Sensory Story Time providing hands-on learning
Thursday, Nov 02, 2017 06:00 am
Providing an atypical storytime has become one of the Airdrie Public Library’s newest goals. Sensory Story Time, a program for children with autism spectrum disorder (ASD), is a six-week interactive program aiming to provide a new learning experience.
“We have bubbles, sticky tack – things that heighten the sense and give children other types of experiences other than singing and rhyming,” said Lindsey Skeen, children’s and youth service manager at the library.
According to Skeen, one in 68 children are born on the autism spectrum, thus proving the need for inclusive programming in Airdrie.
“With Airdrie having such a huge young-people population, it’s just an assumption that we have a fair number of children within Airdrie who fall on the autism spectrum,” Skeen said.
Parents, aids and siblings are all welcomed to join in on the fun. Skeen said she wanted to make the program as inclusive as possible.
“This is an opportunity to experience a library program with a neurotypical and an autistic child at the same time,” Skeen said. “A lot of the times there aren’t programs that cater to a diverse range of abilities.”
Gillian Hatto, a learning support teacher at A.E. Bowers Elementary School, and her students were invited to participate in the first six-week session of Sensory Story Time.
Hatto and a group of five students would make the 20-minute trek to the library every Monday to enjoy the new take on storytime.
“It was really inclusive for our students, creating a really warm and supportive environment that’s geared toward their level and needs,” she said.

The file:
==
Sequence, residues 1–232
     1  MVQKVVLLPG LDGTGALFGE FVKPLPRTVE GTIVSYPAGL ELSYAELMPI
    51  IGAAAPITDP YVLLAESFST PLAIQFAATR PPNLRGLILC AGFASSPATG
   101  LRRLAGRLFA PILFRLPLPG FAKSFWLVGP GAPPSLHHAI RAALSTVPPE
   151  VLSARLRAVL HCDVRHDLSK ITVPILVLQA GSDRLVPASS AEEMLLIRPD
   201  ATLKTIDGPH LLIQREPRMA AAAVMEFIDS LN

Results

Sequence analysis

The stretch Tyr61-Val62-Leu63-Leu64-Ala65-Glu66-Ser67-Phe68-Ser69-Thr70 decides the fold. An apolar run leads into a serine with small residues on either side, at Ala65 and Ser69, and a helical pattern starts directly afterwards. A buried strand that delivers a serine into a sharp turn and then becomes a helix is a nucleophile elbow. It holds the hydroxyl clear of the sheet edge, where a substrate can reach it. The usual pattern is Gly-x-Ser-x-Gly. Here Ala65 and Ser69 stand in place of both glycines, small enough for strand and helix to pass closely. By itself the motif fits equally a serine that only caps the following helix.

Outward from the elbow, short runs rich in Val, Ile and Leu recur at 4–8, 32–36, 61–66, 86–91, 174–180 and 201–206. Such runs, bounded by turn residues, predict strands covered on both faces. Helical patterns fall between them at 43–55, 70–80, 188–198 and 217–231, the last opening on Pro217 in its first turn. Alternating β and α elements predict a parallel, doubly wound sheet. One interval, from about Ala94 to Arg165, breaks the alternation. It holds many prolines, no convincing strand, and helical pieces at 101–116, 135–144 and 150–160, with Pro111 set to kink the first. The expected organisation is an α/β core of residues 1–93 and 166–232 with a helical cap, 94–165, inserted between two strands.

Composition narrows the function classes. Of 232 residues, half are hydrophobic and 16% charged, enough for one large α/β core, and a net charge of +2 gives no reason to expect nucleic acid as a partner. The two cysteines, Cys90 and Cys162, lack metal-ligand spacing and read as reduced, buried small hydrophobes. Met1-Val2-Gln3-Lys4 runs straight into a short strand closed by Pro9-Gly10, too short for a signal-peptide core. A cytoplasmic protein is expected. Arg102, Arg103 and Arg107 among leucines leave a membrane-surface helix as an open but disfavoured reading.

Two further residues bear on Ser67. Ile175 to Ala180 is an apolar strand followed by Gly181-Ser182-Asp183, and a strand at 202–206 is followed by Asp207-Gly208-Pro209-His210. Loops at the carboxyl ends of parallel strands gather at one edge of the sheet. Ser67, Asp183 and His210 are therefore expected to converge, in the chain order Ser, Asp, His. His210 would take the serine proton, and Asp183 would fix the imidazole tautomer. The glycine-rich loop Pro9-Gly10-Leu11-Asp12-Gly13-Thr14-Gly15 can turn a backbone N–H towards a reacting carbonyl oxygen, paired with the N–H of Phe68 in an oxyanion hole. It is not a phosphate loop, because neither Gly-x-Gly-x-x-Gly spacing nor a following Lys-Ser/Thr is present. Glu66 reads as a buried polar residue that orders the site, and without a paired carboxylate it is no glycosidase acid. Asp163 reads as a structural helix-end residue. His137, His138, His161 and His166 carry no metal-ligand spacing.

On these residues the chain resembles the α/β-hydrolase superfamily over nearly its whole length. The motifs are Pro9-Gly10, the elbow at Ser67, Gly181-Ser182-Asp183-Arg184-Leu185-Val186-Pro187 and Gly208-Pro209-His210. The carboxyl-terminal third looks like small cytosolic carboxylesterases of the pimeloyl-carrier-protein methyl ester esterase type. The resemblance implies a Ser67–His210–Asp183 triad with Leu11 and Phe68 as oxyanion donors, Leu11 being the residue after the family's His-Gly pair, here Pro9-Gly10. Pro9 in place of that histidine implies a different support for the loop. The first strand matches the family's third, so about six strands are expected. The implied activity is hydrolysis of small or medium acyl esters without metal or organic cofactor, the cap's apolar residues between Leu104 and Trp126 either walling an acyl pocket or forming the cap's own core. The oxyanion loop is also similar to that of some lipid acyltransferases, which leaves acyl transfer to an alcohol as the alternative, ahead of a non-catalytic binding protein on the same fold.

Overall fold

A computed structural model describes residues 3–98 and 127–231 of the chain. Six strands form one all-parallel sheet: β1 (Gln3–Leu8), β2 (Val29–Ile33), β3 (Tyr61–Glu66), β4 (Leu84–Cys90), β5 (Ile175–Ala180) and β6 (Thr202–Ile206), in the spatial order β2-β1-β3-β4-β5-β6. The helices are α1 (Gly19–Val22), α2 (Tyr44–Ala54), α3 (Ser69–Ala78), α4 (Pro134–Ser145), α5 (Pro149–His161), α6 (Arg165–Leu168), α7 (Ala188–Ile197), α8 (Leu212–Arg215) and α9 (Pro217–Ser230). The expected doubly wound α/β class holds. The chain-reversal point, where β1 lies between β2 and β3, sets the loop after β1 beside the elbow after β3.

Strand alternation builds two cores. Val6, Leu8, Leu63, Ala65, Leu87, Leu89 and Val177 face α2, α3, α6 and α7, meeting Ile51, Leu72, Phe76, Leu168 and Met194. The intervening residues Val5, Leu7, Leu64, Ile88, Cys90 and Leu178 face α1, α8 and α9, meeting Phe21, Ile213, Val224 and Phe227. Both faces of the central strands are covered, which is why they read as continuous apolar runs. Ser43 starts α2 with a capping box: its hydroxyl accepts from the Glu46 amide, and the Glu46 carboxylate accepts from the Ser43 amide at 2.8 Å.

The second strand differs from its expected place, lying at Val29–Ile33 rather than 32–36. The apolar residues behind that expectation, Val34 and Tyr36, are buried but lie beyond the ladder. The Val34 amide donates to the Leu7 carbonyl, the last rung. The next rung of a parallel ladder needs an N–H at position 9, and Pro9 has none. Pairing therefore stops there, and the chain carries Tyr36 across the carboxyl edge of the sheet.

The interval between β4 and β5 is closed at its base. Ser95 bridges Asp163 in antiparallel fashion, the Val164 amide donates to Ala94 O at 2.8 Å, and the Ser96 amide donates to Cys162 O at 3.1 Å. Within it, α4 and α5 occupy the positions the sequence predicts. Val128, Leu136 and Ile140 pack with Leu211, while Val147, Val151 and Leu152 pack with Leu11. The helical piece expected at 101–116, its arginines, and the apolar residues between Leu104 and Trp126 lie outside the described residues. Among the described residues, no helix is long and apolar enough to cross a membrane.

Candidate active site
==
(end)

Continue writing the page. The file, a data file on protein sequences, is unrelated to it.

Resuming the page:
Hatto said her students enjoyed the program and would love to come back next year. She said she hopes to see more parents and schools become involved with programs like this.
“I think it’s really important for the community to see how successful (this) is and how needed it is,” Hatto said. “Just to get these students involved helps the parents and lets them know that they are included and that they matter.”
Skeen agreed and said she hopes the program can break down barriers for parents who might be feeling overwhelmed.
“We can be that bridge for connecting parents who might feel marginalized, or they might feel that there’s a stigma about attending programs at the library,” Skeen said “We want everybody to feel welcome at the library.”
Children ages three to 10 with ASD or other types of developmental differences are welcome to join. The next six-week session starts Nov. 6. Children must be registered in order to attend, but families do not need a library card to register. For more information, visit airdriepubliclibrary.ca